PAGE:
Sustaining community and media participation in promoting freedom of expression
Cambodia is still suffering from the effects of the genocidal Khmer Rouge regime of the 1970s and the ensuing years of civil strife. The legacy of these historical factors is manifold, but two major effects are the prevalence of a voiceless and fragmented civil society, unable or unwilling to speak up about basic rights, and the continuation of repressive or corrupt state systems. This is particularly noticeable in the constraints placed upon freedom of expression and media plurality in Cambodia. The adoption of the new penal code in 2010 potentially limits freedom of expression and freedom of the press. Despite the relatively high number of TV, radio and media publications in the country (10, 52 and over 100 respectively) self-censorship and political bias hamper independent reporting. According to Freedom House, journalists critical of the state remain vulnerable to threats or intimidation, and professional training opportunities are scarce. These factors contribute to Cambodia’s low ranking in the 2010 Index of Press Freedom: 128 out of 178 countries worldwide.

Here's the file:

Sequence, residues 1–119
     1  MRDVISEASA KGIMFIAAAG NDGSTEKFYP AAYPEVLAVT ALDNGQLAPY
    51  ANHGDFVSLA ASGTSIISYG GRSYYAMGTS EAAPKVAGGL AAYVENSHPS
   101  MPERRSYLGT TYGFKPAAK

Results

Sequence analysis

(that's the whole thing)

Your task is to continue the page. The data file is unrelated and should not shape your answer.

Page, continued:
While recognizing that the problems facing independent media in Cambodia are complex and interlinked, this project is directly aimed at supporting marginalized and ethnic communities to express their views and interests through active participation in media broadcasting. In order to promote community participation about freedom of expression, this project will train 60 citizen journalists and actively involve them in the production of radio broadcasts from three target communes. This will build the capacity of communities to advocate for their rights in general (not only the right to freedom of expression), strengthen independent media networks and bolster media diversity in Cambodia.